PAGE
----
CENTER CITY, Minn. (WCCO) — At a vacant house in Center City, firefighters hustle about to place mannequins and tiny cameras. What they’re setting up has all the realism of a Hollywood set.

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Their work is an effort to point out the hidden dangers of how we store gasoline and gas-powered equipment.
The house will be burned down in the sake of safety, by teaching firefighters and the rest of us some valuable lessons.

“We’re filling up that gas can, that one-gallon gas can with a quart of gas,” said St. Paul fire investigator, Jamie Novak.

Novak travels worldwide teaching firefighters about fire behavior.

He says we’ve become all too comfortable with gasoline as we fill up our vehicles and containers for lawnmowers and other power equipment.

The problem arises when gasoline is brought inside a dwelling to be stored.

“We’ve seen everything from motorcycles inside the house to snow blowers to lawnmowers,” Novak said.

Just a few weeks ago, a family in St. Paul learned that lesson the hard way. As they were bringing a gas-powered air compressor downstairs for winter storage, gasoline spilled onto the floor when the cap dislodged.

The vapors quickly ignited when a woman flicked on a cigarette lighter to look for the cap. She was badly burned but firefighters were able to extinguish the house fire without significant damage.

Novak says the family was extremely lucky.

“Keep [gasoline] out of the house, especially away from kids who might not realize what they’re tipping over or spilling. And then they could get seriously burned,” he said.

All it takes is a simple spark or pilot light from a water heater or furnace being ignited.

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To simulate such an event, Novak and his Center City firefighters deliberately tipped over a quart container of gas and waited for the water heater in the vacant house to ignite.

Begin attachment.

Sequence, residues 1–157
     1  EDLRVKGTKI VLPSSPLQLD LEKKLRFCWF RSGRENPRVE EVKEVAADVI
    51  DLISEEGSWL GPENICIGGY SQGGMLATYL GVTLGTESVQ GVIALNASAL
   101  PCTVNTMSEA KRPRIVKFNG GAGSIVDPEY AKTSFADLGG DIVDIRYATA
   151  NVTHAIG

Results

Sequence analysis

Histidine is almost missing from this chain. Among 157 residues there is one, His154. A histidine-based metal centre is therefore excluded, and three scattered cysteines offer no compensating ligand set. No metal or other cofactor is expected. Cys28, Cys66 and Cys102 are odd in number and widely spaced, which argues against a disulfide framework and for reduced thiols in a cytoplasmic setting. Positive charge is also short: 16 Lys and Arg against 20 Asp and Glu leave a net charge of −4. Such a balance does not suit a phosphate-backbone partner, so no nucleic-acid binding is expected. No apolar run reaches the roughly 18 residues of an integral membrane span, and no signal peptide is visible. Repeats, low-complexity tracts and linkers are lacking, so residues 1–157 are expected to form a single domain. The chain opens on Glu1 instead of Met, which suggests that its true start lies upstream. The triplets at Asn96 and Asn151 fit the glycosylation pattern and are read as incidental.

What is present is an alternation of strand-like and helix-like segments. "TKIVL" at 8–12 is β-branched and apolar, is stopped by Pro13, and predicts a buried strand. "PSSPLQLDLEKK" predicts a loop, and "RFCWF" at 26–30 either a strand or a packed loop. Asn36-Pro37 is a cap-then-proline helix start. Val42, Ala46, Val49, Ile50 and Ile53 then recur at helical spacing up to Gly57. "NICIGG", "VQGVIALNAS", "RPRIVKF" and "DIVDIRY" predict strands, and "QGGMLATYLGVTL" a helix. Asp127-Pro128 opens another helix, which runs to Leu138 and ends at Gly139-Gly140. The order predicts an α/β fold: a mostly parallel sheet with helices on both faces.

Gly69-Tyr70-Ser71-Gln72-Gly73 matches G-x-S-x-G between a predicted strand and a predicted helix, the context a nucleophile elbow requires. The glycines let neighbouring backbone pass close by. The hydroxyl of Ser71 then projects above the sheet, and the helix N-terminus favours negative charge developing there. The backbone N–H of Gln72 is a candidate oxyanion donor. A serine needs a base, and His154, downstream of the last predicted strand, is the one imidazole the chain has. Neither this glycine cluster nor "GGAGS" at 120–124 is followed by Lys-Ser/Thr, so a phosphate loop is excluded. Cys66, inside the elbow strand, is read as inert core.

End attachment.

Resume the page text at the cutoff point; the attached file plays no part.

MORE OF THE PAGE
From more than 20 feet away, hidden cameras captured the moment of ignition. Flames rolled across the floor in the opposite direction, from the water heater back to the plastic container.

That’s why most cities ban storing gasoline inside a dwelling. Unfortunately, too many people ignore the dangers and do it anyway.

It’s not uncommon for people without a garage or outdoor storage shed to bring lawn equipment and other gas powered tools inside, without completely draining the fuel tank.

Novak has even seen cases where people store five gallon gasoline containers inside a home.

“That’s a huge amount of fuel burning spread throughout the house, that you just aren’t going to put it out,” Novak said.

But what we all have in our homes can also be explosive if stored too near a heat source.

Aerosol cans of house cleaners, spray paints and other chemicals are filled with butane or propane as a propellant. If that can is heated up it can explode with deadly force.

“I had a student get hit 50 feet away from an aerosol can that went through chicken wire,” Novak said. “It went 50 feet, whacked him on the side of the head.”

Whether a can of hair spray or household cleaners, aerosols will go off like rockets. In their second demonstration, firefighters will place a can next to a stovetop.

Within seconds, the blast rips down ceiling tiles, sending out a large fireball.

“I’m not saying that aerosols are dangerous,” Novak added. “It’s just that people need to be smart about where they store them.”

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He says it’s a simple lesson in fire safety, keeping gasoline out of the home and aerosols away from the heat.